An exon is any part of a gene that will encode a part of the final mature RNA produced by that gene after introns have been removed by RNA splicing. The term exon refers to both the DNA sequence within a gene and to the corresponding sequence in RNA transcripts. In RNA splicing, introns are removed and exons are covalently joined to one another as part of generating the mature messenger RNA. Just as the entire set of genes for a species constitutes the genome, the entire set of exons constitutes the exome.
The term exon derives from the expressed region and was coined by American biochemist Walter Gilbert in 1978: "The notion of the cistron… must be replaced by that of a transcription unit containing regions which will be lost from the mature messenger – which I suggest we call introns (for intragenic regions) – alternating with regions which will be expressed – exons."
This definition was originally made for protein-coding transcripts that are spliced before being translated. The term later came to include sequences removed from rRNA and tRNA, and it also was used later for RNA molecules originating from different parts of the genome that are then ligated by trans-splicing.
Contribution to genomes and size distributionEdit
Although unicellular eukaryotes such as yeast have either no introns or very few, metazoans and especially vertebrate genomes have a large fraction of non-coding DNA. For instance, in the human genome only 1.1% of the genome is spanned by exons, whereas 24% is in introns, with 75% of the genome being intergenic DNA. This can provide a practical advantage in omics-aided health care (such as precision medicine) because it makes commercialized whole exome sequencing a smaller and less expensive challenge than commercialized whole genome sequencing. The large variation in genome size and C-value across life forms has posed an interesting challenge called the C-value enigma.
Across all eukaryotic genes in GenBank, there were (in 2002), on average, 5.48 exons per gene. The average exon encoded 30-36 amino acids. While the longest exon in the human genome is 11555 bp long, several exons have been found to be only 2 bp long. A single-nucleotide exon has been reported from the Arabidopsis genome.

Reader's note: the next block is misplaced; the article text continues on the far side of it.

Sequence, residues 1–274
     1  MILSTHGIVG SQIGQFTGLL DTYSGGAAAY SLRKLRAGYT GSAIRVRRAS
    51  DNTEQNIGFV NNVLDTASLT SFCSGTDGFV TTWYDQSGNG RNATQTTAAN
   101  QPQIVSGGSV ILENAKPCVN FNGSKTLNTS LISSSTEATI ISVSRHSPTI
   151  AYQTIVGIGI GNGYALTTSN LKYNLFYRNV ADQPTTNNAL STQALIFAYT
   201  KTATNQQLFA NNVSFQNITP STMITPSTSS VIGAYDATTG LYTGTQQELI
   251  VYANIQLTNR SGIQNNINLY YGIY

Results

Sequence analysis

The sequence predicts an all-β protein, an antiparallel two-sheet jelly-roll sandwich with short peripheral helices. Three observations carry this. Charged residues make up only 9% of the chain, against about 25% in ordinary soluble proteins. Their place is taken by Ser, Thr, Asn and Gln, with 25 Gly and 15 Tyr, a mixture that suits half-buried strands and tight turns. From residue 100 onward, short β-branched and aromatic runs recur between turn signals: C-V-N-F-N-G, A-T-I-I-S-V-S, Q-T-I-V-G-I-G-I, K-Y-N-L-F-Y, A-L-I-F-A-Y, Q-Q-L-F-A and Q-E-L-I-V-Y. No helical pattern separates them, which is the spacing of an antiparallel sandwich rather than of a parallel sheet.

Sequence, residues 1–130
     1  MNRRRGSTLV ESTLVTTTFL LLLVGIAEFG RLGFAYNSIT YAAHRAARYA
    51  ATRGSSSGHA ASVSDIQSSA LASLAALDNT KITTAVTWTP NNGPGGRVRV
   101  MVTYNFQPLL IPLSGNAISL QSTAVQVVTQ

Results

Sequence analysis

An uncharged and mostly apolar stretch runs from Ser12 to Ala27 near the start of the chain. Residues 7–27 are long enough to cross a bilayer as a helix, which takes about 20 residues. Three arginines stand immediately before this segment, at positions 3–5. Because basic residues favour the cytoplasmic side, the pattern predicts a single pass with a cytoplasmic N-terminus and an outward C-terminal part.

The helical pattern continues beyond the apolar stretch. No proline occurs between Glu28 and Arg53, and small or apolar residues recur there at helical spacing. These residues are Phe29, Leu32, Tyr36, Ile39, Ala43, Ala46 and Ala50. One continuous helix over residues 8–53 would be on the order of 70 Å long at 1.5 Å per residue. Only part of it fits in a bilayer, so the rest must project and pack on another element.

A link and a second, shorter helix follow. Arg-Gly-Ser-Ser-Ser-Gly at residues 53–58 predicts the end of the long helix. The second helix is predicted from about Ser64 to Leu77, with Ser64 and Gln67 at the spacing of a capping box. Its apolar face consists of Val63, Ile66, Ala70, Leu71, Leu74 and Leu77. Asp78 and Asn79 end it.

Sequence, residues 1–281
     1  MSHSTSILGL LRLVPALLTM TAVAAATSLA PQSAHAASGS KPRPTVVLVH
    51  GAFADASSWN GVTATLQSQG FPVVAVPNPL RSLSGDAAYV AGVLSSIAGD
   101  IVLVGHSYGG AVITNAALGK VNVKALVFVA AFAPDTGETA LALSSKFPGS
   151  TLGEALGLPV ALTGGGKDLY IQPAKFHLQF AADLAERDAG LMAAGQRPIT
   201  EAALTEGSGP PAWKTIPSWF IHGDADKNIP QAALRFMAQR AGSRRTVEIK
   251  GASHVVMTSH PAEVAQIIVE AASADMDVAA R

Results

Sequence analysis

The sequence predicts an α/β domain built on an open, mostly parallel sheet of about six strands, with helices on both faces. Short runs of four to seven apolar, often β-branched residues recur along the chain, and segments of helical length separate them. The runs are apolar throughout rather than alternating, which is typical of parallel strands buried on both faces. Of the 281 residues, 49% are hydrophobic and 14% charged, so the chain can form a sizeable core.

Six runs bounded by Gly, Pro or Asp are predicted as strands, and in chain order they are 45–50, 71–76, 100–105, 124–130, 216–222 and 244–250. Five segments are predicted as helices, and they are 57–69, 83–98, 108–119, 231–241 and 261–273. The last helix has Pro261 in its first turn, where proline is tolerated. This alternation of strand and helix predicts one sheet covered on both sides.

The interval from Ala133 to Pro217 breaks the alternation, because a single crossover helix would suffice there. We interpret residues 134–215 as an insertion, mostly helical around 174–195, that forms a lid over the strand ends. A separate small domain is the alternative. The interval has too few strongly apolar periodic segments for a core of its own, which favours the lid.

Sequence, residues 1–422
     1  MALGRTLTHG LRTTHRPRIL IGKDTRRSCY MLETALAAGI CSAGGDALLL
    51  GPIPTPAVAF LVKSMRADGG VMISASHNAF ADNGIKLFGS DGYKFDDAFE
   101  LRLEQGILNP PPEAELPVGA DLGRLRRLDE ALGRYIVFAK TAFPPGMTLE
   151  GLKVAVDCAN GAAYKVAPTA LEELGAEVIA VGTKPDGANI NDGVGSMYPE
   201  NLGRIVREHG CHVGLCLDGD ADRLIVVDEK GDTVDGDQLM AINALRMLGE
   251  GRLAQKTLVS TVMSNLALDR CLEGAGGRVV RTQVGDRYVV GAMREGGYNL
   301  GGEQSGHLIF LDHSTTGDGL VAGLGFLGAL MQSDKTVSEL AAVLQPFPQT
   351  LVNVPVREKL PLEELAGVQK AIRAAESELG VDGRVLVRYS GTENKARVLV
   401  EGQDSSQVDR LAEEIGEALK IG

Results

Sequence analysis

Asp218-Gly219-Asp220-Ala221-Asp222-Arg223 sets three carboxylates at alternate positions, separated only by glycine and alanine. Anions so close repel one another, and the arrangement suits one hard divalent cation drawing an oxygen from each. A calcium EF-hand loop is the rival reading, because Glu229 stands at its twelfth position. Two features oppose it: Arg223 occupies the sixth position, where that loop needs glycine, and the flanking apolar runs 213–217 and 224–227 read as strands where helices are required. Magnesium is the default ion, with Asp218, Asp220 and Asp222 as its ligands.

Structure and functionEdit
In protein-coding genes, the exons include both the protein-coding sequence and the 5′- and 3′-untranslated regions (UTR). Often the first exon includes both the 5′-UTR and the first part of the coding sequence, but exons containing only regions of 5′-UTR or (more rarely) 3′-UTR occur in some genes, i.e. the UTRs may contain introns. Some non-coding RNA transcripts also have exons and introns.
Mature mRNAs originating from the same gene need not include the same exons, since different introns in the pre-mRNA can be removed by the process of alternative splicing.
Experimental approaches using exonsEdit
Exon trapping or 'gene trapping' is a molecular biology technique that exploits the existence of the intron-exon splicing to find new genes. The first exon of a 'trapped' gene splices into the exon that is contained in the insertional DNA. This new exon contains the ORF for a reporter gene that can now be expressed using the enhancers that control the target gene. A scientist knows that a new gene has been trapped when the reporter gene is expressed.
Splicing can be experimentally modified so that targeted exons are excluded from mature mRNA transcripts by blocking the access of splice-directing small nuclear ribonucleoprotein particles (snRNPs) to pre-mRNA using Morpholino antisense oligos. This has become a standard technique in developmental biology. Morpholino oligos can also be targeted to prevent molecules that regulate splicing (e.g. splice enhancers, splice suppressors) from binding to pre-mRNA, altering patterns of splicing.
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